State: Tucson-area golf course chopped down two saguaros without proper permit
The Gallery Golf Club said it initially planned to move cacti, but they were found to be unstable
Club members told 13 News they want those behind that decision held accountable.
According to state law, removing a saguaro, or any native plant, without obtaining the proper permit is a class one misdemeanor.
Jerry Parker, a part-time Marana resident, said it’s unacceptable.
“It’s illegal. It’s illegal. Somebody broke the law,” he said.
It was a short-term decision with long-term impacts.
“It just makes no logical sense to me,” Parker said. “I am appalled.”.
The Arizona Department of Agriculture said a permit was not issued to The Gallery Golf Club at Dove Mountain. The licensing department said they did not receive any notice of intent associated with the removal of the cacti.
Parker said he saw the iconic saguaros taken down firsthand.
“I was just taken back, I couldn’t believe It happened,” he said.
Shocking him enough, that he stepped back and pressed record on his cell phone, documenting the event and later showing friends and community members the chainsaw slashing into one of the cacti.
A landscaping crew threw the remains into a nearby dumpster.
The video is upsetting neighbors in the community.
“To see them cut down for a basically three-day golf tournament and those guys after three days are going to pack up their things and be gone and these saguaros will be in a dumpster somewhere,” said Michael Smith. “I didn’t like that and I hope the people in this community don’t put up with it.”
Parker said he was not putting up with it, and he tried to talk to the landscapers while it was happening. He asked why they couldn’t move the platform or leave the saguaros where they were.
“There was no sense talking to the workers, they were trying to avoid me for sure, but it wasn’t the workers. They were doing the job that someone told them to do. So the question is who and why,” Parker said.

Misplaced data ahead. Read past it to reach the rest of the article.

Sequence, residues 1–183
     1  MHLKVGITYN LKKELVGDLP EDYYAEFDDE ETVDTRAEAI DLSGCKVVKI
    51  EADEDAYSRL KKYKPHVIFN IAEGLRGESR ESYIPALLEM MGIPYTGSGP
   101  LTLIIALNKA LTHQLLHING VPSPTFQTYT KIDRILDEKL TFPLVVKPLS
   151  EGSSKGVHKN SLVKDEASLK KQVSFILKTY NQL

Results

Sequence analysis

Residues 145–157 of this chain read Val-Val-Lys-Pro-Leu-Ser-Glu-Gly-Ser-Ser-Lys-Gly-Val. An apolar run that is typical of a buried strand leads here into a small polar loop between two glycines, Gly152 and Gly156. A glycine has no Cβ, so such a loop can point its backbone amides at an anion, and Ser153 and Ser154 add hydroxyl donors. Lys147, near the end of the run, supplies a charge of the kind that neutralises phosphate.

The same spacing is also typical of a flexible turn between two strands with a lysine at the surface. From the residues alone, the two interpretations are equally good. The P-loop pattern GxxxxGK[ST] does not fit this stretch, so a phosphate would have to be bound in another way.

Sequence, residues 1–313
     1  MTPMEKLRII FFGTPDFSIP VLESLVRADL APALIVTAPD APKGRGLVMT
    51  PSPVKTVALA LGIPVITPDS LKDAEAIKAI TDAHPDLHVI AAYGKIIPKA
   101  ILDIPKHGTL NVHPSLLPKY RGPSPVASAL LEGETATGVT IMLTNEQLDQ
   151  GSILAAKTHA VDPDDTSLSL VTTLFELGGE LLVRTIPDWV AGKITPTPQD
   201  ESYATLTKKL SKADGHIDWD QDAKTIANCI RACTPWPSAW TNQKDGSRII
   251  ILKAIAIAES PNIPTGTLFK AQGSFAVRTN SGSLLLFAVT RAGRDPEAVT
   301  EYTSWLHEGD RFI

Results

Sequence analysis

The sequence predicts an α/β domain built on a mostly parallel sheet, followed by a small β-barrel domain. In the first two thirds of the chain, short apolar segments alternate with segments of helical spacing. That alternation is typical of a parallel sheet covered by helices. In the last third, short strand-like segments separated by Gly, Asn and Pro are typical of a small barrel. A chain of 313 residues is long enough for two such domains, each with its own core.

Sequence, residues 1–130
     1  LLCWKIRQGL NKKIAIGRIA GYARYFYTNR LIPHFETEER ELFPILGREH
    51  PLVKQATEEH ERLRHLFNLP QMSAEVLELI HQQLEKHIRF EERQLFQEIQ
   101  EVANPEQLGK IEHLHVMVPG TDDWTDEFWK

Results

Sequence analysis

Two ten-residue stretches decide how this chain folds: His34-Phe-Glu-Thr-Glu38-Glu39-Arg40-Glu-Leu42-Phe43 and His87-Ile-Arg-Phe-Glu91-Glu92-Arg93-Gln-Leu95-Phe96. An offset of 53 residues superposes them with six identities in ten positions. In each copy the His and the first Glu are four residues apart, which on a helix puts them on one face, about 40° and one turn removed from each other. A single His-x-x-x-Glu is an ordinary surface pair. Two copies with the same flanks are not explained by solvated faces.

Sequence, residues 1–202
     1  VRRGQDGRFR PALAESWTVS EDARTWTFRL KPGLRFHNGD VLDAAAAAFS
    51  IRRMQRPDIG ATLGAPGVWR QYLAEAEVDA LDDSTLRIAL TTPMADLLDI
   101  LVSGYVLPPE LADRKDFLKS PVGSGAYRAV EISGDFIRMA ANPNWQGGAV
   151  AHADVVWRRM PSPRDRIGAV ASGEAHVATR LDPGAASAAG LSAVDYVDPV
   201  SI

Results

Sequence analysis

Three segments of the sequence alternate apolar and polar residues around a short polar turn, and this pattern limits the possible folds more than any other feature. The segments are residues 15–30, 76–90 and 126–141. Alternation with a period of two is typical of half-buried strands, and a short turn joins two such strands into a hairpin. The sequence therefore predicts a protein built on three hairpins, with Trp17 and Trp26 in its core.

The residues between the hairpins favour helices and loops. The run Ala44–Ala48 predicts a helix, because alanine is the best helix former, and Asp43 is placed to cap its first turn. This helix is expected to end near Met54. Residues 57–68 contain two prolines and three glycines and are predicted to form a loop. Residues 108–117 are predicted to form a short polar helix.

So we asked the Gallery Golf Club who made that call and why they did it.
In a statement they said:
“Our maintenance practices are designed to protect the natural beauty of our desert landscape. In this instance, despite an original plan to safely relocate two Saguaros on our property, it was determined that they were unstable, which led to the decision to remove them. Along with the community and our Membership, we will always be committed to protecting our beautiful environment.”
Despite that statement, residents said those saguaros are what makes Arizona so special.
“People come here from all over the world, not for the 110-degree heat that we get for two or three months of the year, but for really the beauty of the desert and the brand of that beauty is the saguaro,” Smith said.
The Arizona Department of Agriculture said the investigation is ongoing.
If you ever see anyone removing a native plant, you’re asked to call the Native Plant Enforcement division of the Department of Agriculture. The number is 602-364- 0907.
After numerous attempts to contact the landscaping company, Santa Rita Landscaping, we did not receive a comment or a response on this issue.
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